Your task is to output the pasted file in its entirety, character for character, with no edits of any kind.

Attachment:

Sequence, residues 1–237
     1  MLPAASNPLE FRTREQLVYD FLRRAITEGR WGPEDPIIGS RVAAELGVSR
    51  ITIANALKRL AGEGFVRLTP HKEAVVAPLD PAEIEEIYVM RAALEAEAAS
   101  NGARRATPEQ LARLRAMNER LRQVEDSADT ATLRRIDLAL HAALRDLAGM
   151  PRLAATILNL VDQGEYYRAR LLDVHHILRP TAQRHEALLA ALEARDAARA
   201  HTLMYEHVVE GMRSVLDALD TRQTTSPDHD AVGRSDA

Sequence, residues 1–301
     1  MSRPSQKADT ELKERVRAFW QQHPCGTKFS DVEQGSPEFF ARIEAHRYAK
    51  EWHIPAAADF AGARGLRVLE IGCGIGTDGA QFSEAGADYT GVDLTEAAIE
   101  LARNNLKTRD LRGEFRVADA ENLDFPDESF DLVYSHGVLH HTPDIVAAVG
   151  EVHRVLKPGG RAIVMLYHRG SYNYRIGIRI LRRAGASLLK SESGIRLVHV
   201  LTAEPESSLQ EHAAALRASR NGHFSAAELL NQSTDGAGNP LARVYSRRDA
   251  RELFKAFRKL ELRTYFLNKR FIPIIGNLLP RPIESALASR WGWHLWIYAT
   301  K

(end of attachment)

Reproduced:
Sequence, residues 1–237
     1  MLPAASNPLE FRTREQLVYD FLRRAITEGR WGPEDPIIGS RVAAELGVSR
    51  ITIANALKRL AGEGFVRLTP HKEAVVAPLD PAEIEEIYVM RAALEAEAAS
   101  NGARRATPEQ LARLRAMNER LRQVEDSADT ATLRRIDLAL HAALRDLAGM
   151  PRLAATILNL VDQGEYYRAR LLDVHHILRP TAQRHEALLA ALEARDAARA
   201  HTLMYEHVVE GMRSVLDALD TRQTTSPDHD AVGRSDA

Sequence, residues 1–301
     1  MSRPSQKADT ELKERVRAFW QQHPCGTKFS DVEQGSPEFF ARIEAHRYAK
    51  EWHIPAAADF AGARGLRVLE IGCGIGTDGA QFSEAGADYT GVDLTEAAIE
   101  LARNNLKTRD LRGEFRVADA ENLDFPDESF DLVYSHGVLH HTPDIVAAVG
   151  EVHRVLKPGG RAIVMLYHRG SYNYRIGIRI LRRAGASLLK SESGIRLVHV
   201  LTAEPESSLQ EHAAALRASR NGHFSAAELL NQSTDGAGNP LARVYSRRDA
   251  RELFKAFRKL ELRTYFLNKR FIPIIGNLLP RPIESALASR WGWHLWIYAT
   301  K